Portable equipment should also be identified and included in maintenance management systems just as fixed equipment is. Guidance on the topic requires regular detailed inspection and visual checks of portable equipment before each use, and while information on the required intervals is vague it should be proportionate, risk based and controlled by a robust system. Do you know what portable equipment is where?
Engagement of the entire workforce is crucial in achieving successful risk management and it is therefore important that the concepts of hazardous area classification and equipment categorisation are introduced from the outset, at inductions. Providing ongoing support via training, work permits and clarification of zones out in the field will strengthen individuals’ sense of ownership and responsibility over controlling explosive atmospheres and enable them to be confident and informed about the equipment they use to carry out their duties. This applies to employees and contractors alike.
Technology is advancing exponentially and the concepts of the Internet of Things and Industry 4.0 will soon become an everyday part of plant operation. We must ensure that we are keeping up with these advances in our approaches to managing risk. While it might seem like a complex task when considering the variables associated with portable equipment in hazardous areas, as long as we are taking care to understand the risks and how proportionality can be applied to manage them, it is not an impossible task and should not be a barrier to development. We must embrace change but make sure that the risks are identified and well managed.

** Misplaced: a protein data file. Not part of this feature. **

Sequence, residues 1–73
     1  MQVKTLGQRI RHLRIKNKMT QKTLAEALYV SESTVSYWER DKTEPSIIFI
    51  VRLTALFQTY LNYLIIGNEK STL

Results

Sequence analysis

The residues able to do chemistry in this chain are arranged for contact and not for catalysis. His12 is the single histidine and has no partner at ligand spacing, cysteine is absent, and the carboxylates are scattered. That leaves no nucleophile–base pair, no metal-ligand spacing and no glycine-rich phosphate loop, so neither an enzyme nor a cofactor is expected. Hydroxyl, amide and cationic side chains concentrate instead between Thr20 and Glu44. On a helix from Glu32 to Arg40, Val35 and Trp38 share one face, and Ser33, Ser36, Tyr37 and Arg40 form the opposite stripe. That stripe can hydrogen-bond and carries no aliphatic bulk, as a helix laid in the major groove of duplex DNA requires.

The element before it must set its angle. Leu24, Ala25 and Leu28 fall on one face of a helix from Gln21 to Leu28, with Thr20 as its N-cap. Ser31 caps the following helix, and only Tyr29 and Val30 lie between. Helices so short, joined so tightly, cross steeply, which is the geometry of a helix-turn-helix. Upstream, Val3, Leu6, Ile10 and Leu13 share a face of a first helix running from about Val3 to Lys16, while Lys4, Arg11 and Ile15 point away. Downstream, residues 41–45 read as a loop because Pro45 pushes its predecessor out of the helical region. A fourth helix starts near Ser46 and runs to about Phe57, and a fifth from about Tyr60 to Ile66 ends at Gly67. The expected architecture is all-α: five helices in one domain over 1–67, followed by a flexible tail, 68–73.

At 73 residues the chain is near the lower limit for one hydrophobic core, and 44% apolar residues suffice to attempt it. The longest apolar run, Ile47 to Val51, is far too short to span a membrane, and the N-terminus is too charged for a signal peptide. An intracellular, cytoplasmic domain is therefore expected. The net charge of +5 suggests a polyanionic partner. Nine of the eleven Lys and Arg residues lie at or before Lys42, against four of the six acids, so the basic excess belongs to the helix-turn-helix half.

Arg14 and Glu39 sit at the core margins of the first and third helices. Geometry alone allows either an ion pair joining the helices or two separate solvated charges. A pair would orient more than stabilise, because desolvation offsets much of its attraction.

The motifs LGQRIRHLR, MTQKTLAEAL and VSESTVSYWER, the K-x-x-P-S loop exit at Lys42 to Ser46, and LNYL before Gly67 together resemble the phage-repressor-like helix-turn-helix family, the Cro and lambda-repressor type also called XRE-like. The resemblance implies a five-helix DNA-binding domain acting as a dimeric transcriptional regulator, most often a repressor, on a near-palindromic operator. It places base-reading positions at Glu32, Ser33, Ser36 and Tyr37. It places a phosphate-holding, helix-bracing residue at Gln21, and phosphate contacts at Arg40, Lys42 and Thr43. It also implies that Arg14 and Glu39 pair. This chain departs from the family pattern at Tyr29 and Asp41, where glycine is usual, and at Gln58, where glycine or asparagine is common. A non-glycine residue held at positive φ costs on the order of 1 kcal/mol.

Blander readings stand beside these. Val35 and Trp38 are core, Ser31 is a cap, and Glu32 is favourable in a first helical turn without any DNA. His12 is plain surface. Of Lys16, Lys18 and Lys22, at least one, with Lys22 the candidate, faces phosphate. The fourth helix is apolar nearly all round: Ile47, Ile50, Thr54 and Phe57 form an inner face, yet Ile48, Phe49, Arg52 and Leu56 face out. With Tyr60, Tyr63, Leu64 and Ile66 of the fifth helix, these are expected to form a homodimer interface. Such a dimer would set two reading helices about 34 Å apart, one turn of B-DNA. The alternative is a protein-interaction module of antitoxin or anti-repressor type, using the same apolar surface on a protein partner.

About the author
A principal consultant with RAS Limited, Carolyn is a process safety specialist by training. She has been in the risk and hazard management industry for the last ten years. She leads the RAS teams of risk and hazard management consultants and has been instrumental in creating the company’s assessment methodologies. Carolyn has particular knowledge of flammable and toxic materials, and has experience of developing emergency response plans, evaluating the economic impact of safety improvements and reviewing operational controls.